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Tips for Thriving & Healthy Indoor Fern Plants

Ferns are adaptable plants that thrive indoors in the proper condition. Its curly, long, and lacy leaves elevate the ambiance of your living space with some basic maintenance tips.

Aarushi Chadha
The best place to keep ferns indoors is a place with indirect sunlight.
The best place to keep ferns indoors is a place with indirect sunlight.

Although they grow wildly in the jungle under the canopy of trees, ferns are also very popular house plants that add unbeatable texture and lushness to any room when properly cared for. Ferns are generally low-maintenance plants but that doesn’t mean that it doesn’t require any assistance to grow. Ferns tend to need a little more care than putting it in a corner with enough light, humidity, and water.

Let’s take a look at how to properly take care of an indoor fern plant.

Sunlight- In the wild, ferns grow naturally in tropical rainforests under the canopies of trees. Therefore, it rarely ever receives any sunlight. The best place to keep ferns indoors is a place with indirect sunlight. However, during winter, you should move your fern plant near a window because the sun isn’t very strong.

Temperature- Most varieties of ferns are tropical plants that tend to thrive in hot and humid climates. The ideal temperature for between 16 to 25°C.

Water- Ferns like water because they are naturally found in rainforests, therefore, it is important to pour water into the plant evenly and ensure that the soil is consistently moist. It is important that you keep the soil damp and not soggy. Overwatering a plant can injure the plant and is a breeding ground for bacterial and fungal infections. Don’t let the soil completely dry out between watering.

Humidity- Ferns love humidity. They thrive in a humid environment, especially inside a terrarium because there is constant moisture in the air. Mist your fern on occasion if the soil is still soggy to avoid overwatering.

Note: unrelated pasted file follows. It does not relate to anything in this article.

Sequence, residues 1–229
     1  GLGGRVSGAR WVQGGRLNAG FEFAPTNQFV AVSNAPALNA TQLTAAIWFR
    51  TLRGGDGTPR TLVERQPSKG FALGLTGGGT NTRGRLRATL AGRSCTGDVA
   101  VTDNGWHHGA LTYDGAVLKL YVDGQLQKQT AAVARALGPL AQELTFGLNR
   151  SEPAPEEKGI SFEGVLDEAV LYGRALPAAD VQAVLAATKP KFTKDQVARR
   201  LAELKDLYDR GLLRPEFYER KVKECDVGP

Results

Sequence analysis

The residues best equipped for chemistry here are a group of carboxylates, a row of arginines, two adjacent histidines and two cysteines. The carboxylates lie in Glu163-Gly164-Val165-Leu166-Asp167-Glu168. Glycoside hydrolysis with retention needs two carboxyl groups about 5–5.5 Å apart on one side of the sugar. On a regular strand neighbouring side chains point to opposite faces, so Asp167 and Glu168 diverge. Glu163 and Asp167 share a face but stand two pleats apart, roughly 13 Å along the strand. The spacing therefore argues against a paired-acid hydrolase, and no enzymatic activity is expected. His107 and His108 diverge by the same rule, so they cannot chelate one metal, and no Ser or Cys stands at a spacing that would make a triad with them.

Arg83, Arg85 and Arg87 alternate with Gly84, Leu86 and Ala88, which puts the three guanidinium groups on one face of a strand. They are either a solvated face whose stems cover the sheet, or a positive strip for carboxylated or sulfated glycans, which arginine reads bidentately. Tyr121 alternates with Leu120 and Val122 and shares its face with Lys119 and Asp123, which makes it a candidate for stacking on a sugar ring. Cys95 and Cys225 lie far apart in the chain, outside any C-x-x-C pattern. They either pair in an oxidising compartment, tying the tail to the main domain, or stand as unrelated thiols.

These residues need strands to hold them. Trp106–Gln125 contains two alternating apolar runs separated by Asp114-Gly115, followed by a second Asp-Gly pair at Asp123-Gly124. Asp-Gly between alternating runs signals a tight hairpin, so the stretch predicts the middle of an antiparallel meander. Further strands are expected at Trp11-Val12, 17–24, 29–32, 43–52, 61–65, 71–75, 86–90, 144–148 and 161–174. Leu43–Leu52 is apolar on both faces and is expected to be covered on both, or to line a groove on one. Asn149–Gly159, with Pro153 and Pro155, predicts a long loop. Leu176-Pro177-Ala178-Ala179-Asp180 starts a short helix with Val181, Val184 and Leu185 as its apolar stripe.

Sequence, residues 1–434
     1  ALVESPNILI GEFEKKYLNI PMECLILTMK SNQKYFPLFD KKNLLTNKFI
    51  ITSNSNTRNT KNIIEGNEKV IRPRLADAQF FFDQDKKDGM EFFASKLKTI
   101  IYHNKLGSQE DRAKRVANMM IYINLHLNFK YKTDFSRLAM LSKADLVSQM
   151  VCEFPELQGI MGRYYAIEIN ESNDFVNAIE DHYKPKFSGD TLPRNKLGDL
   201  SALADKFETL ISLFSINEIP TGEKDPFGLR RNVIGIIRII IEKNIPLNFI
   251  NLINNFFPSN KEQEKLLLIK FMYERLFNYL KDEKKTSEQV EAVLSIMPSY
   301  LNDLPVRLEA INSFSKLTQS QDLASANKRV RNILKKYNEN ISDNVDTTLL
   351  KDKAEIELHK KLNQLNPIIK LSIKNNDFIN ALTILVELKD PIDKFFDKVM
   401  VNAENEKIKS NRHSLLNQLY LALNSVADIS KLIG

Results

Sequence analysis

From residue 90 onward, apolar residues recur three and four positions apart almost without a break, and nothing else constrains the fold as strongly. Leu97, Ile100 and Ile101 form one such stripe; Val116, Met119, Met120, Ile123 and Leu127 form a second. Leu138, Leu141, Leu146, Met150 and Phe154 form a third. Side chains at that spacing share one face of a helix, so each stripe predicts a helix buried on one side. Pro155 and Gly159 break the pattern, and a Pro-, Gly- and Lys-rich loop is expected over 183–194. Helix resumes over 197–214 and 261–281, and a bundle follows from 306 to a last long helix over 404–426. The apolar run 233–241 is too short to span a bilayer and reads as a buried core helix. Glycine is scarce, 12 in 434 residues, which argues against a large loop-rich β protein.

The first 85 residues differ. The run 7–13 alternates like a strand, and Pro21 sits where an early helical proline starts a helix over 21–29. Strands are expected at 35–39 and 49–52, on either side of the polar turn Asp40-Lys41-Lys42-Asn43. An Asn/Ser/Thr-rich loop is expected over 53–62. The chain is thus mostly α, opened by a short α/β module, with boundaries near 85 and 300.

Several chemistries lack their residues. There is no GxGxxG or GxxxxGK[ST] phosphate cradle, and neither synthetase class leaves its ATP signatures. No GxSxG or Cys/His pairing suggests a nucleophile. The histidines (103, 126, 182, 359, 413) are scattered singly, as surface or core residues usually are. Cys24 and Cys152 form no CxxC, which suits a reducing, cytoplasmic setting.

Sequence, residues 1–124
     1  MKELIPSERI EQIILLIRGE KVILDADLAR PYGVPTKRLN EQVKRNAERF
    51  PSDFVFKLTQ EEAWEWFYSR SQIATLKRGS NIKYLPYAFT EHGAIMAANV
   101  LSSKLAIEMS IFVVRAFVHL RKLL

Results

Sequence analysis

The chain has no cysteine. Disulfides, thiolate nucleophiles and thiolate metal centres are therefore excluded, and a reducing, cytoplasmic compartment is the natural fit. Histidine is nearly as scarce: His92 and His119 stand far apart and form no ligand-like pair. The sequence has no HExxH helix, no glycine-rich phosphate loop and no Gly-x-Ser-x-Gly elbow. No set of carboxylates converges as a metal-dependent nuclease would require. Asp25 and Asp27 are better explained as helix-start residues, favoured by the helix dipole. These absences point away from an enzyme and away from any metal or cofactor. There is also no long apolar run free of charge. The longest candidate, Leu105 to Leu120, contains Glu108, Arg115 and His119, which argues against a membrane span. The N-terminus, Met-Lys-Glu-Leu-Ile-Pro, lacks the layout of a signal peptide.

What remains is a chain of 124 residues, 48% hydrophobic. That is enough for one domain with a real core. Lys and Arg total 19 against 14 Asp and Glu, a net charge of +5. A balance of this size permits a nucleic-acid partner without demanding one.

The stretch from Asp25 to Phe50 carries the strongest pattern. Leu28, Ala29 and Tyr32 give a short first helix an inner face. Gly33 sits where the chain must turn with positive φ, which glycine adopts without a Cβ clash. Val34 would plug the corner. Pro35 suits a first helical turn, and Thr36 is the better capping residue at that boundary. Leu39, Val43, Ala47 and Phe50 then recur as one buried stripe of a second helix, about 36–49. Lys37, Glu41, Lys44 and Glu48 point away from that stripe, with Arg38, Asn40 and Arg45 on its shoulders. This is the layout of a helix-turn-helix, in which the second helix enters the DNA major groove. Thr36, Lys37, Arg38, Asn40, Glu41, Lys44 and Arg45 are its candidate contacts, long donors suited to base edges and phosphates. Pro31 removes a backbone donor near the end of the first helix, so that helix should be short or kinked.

Soil- Although ferns can grow in all types of soil, however, soil that doesn’t drain water can harm the roots of the plant as its roots can’t be constantly wet. The most appropriate soil for fern will be well-draining soil which is a mixture of 1 part common indoor soil, 1 part coco peat, 1 part perlite, and 1 part coarse gravel.

Fertilizer- If you are planting a young fern plant, then it is important to replenish the soil and provide the plant with appropriate nutrients that will facilitate healthy growth. For this, you’ll need to feed fertilizer to your soil before planting a fern plant and then feed it again after 2 to 3 months depending upon the speed of its growth.

Fern is a fast-growing plant. Therefore, a mature fern plant will require proper nutrients to grow properly. Fern usually grows in the summer and its growth becomes dormant during the winter. So, the best time to add liquid houseplant fertilizer is once every month between April and September. You don’t have to feed your plant during winter because it isn’t actively growing then.

Repotting- If you can see roots emerging from the drainage hole of your fern pot, then that is a sign that your fern has outgrown its container and needs to be repotted. You can also re-pot your fern plant if it is not growing very evenly. Repotting is a great way of expanding the green cover of your home. Re-pot your fern plant right before its growing period and cut off any damaged fronds during the process to encourage growth.

Common problems associated while taking care of fern plants

Ferns are easy-to-maintain plants. However, they can face some issues because of wrongdoings on our part but they can also recover quickly once you have correctly recognized the issue with it. If the leaves of your fern plant are getting crispy and brown, then it is because you are either overwatering the plant or you have placed it in direct sunlight.

Although leaves drop from the plant occasionally, however, if it starts falling suddenly, then that is because of underwatering. Yellow leaves on the other hand are because you are either using hard cold water to water the plant or because you have kept the plant in a place with low humidity.

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